Act 2, scene 4
Demetrius and Chiron enter, as does Lavinia. Her hands have been cut off and her tongue cut out. She has also been raped. The brothers taunt and mock her. Chiron says that if he were in her position, he would kill himself. They exit.
Marcus enters, fresh from the hunt. He is horrified to find Lavinia, his niece. She, of course, is unable to say who is responsible for mutilating her. Marcus laments for her. He says that had the “monster” who committed those acts upon her had seen the beauty of her hands as she played the lute, he would never have been able to cut them off. If he had heard the “heavenly harmony” of her voice, he would not have been able to cut out her tongue. He says he will take her to Titus, her father.
This is one of the most horrific scenes in English drama, as the mutilated Lavinia is taunted by her assailants and then discovered by her uncle. Commentators have often noted that some passages in the play seem incongruous in their context, and one such passage appears here, in Marcus’s lament over the fate of his niece. The words do not match the situation of the speaker. To a modern reader, it sounds odd and unnatural for Marcus to refer to Lavinia’s arms like this:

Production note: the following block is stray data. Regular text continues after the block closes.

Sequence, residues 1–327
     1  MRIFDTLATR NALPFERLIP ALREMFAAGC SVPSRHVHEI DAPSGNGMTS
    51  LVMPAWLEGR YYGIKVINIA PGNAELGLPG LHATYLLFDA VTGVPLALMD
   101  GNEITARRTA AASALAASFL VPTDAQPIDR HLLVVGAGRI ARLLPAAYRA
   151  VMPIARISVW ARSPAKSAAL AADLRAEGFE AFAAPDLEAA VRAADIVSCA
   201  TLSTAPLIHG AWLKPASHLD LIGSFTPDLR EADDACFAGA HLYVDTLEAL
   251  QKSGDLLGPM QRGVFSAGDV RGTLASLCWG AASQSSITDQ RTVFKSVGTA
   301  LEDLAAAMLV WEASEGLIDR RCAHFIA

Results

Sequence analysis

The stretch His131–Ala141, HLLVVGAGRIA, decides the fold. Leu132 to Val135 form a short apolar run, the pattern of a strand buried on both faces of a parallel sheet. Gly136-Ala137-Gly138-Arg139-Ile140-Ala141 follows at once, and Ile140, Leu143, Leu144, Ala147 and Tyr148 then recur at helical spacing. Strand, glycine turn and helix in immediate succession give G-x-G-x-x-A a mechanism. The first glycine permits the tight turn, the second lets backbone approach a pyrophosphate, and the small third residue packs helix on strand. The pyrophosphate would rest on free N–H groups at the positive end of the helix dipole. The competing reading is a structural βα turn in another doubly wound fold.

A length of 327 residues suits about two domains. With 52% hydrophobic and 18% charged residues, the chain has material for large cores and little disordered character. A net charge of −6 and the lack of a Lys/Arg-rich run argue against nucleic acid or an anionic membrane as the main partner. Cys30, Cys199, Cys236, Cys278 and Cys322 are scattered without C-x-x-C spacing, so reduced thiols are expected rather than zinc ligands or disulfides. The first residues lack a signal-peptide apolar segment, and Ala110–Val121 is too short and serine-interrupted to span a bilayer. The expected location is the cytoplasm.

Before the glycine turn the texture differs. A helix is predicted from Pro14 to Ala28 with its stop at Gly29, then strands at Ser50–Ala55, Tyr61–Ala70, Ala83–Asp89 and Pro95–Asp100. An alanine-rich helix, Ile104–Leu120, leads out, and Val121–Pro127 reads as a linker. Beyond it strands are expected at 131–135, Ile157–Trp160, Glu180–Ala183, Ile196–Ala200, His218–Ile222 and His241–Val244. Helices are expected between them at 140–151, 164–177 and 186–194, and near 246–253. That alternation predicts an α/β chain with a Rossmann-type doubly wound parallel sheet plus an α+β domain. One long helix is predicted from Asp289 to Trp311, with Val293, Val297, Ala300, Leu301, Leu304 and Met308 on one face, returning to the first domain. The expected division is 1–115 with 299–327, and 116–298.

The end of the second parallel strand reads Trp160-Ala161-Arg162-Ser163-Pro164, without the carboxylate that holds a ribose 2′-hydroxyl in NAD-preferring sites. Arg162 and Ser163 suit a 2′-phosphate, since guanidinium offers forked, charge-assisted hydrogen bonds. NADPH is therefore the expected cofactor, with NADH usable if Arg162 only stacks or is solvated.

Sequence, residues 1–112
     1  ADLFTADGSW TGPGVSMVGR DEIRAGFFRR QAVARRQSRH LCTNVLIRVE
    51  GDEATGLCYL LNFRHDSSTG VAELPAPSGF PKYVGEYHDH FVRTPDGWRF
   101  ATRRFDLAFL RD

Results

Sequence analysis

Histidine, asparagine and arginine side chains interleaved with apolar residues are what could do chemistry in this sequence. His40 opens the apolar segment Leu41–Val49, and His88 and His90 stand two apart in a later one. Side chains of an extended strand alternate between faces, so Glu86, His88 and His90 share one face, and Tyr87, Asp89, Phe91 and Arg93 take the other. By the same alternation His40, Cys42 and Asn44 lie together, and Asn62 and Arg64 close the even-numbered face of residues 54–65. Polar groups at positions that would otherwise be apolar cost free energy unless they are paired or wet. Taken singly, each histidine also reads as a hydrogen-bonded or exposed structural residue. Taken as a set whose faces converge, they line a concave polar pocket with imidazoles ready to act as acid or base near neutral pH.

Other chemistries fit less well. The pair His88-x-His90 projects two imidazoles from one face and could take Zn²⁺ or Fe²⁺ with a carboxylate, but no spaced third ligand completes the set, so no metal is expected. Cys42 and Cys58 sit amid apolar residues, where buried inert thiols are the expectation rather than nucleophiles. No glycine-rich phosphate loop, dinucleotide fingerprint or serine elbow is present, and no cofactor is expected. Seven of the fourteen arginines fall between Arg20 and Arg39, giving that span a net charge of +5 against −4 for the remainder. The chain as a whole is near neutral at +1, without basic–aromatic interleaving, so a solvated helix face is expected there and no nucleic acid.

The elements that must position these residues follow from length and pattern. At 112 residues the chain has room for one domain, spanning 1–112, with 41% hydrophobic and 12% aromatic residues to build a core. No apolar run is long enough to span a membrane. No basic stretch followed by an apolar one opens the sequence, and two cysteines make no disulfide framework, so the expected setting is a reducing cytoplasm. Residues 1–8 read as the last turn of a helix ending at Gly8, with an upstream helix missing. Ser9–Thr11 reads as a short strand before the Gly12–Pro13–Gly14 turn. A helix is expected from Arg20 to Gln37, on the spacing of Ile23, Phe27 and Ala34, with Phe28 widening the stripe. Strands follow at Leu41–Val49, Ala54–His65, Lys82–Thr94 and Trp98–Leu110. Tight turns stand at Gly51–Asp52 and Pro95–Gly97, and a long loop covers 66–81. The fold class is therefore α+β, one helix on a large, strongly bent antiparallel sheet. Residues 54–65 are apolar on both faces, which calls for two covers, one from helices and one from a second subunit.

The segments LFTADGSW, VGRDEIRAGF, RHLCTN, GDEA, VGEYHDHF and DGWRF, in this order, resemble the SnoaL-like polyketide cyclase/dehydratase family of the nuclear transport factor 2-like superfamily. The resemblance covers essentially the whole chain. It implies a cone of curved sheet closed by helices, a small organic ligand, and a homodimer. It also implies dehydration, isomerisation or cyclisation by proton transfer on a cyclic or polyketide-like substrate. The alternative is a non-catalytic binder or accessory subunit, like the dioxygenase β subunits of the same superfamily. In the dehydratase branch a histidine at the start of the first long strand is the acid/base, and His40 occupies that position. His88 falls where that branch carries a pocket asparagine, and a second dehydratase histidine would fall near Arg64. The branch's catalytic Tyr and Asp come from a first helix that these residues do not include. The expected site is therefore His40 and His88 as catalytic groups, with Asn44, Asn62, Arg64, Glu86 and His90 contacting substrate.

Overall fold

what stern ungentle hands
Hath lopp’d and hew’d and made thy body bare
Of her two branches, those sweet ornaments,
Whose circling shadows kings have sought to sleep in. (lines 16-19)
Similarly, the poetic description of her mouth:
Alas, a crimson river of warm blood,
Like to a babbling fountain stirr’d with wind,
Doth rise and fall between thy rosed lips,
Coming and going with thy honey breath. (lines 22-25)
The pretty images seem at odds with the gruesome reality they describe. As Muriel Bradbrook put it in Themes and Conventions of Elizabethan Tragedy, “the horrors are . . . quite unfelt, so that the violent tragedy is contradicted by the decorous imagery” (p. 98),
Readers should also note the classical allusion in this scene. It is one of many that occur in the play but has particular relevance. Marcus alludes to the story of Tereus. Tereus raped his sister-in-law Philomela, cut out her tongue, and shut her up in a tower. She created a tapestry that showed what had happened to her and conveyed it to her sister, Progne. Progne avenged her by killing her own son, who was fathered by Tereus, and then serving him to his father at a meal. (The last part of the story is relevant for what happens in Act 5 of Titus Andronicus.)